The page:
Take a family. Mum, dad, three kids and two of those have Autism. Mum is a stay at home mum, dad works shifts. So Saturday comes about the dad is working and the mum cannot take 2 ASD kids plus an NT toddler to the park on her own, she needs dad but dad is working. She is now "caged" on a nice summers day with 3 kids in a 3 bedroom flat with no garden. Is that fair? Should she be "caged"? Should the kids (NT and ASD) be "caged" and presented from going to a park less than 200m away which is free on a hot summers days?

 

In conclusion my thoughts are simple. No one should be locked in a metal cage, shut in a basement with their own pee and poop. That is very very wrong but sometimes is the only answer sleep deprived parents can think of without education and support. They may have failed but they cannot be totally 100% at fault the authorities have to be at fault too. Even if you said they did it because they hated their child that still does not make them 100% at fault because if someone hates their kid they must either have a really tough life or be unwell or maybe even both!!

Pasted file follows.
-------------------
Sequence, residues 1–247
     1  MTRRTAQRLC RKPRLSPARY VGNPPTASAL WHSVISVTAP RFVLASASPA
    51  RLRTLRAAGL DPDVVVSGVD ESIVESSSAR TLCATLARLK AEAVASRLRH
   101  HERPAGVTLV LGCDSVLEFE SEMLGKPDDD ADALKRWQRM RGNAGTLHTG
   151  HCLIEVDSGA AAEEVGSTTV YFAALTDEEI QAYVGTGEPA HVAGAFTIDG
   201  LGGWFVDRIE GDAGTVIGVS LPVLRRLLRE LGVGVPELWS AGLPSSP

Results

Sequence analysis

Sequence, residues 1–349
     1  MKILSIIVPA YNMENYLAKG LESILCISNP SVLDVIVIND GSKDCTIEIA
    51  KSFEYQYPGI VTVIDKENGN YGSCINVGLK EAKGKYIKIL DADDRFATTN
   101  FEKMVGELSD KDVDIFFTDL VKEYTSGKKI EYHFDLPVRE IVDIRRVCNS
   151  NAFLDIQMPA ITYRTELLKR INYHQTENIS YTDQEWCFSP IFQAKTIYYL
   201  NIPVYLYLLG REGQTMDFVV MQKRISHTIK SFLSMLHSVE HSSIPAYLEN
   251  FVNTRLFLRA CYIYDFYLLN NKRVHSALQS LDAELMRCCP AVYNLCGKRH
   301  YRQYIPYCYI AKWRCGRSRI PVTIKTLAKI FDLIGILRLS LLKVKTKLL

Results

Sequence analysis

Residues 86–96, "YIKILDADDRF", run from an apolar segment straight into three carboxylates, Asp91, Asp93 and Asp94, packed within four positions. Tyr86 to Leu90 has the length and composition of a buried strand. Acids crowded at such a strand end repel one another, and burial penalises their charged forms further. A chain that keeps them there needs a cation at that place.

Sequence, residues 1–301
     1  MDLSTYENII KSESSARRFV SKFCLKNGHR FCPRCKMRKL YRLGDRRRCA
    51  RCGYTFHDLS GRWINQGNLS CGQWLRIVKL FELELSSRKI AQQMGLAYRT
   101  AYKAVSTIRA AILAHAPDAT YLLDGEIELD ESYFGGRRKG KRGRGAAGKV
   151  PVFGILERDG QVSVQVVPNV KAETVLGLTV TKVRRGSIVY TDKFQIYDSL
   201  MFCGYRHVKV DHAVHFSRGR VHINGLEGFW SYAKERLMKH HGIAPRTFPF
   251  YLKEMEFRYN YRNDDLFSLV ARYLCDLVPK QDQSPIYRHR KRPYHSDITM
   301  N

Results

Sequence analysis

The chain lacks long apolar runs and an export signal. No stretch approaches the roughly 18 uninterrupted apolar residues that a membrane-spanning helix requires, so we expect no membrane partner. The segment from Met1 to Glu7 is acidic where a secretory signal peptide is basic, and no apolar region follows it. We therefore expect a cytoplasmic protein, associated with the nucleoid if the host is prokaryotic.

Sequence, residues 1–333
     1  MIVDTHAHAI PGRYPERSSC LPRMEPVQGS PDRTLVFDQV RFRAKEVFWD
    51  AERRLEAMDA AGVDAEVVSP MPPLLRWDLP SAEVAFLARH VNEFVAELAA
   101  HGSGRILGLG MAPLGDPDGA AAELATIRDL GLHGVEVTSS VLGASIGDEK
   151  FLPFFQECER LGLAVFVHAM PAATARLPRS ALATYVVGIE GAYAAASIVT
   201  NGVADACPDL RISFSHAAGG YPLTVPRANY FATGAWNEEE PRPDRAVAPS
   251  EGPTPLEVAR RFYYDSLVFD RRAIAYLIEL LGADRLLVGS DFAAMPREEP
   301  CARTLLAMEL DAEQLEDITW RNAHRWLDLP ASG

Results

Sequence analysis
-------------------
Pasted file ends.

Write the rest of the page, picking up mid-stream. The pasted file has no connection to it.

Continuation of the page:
It is also wrong that kids, families, me, you are having to plan our lives and when we do things taking into account a disability. We should be free to do what we want when we want. Not dictated to by support (formal or informal). We should (like anyone else) be restricted by money, geography etc but when the one and only thing stopping you from doing something is Autism that is wrong. But it happens to everyone and it happens every day. The only way to beat it is to accept it, live with it and accept a not perfect life but a realistic one.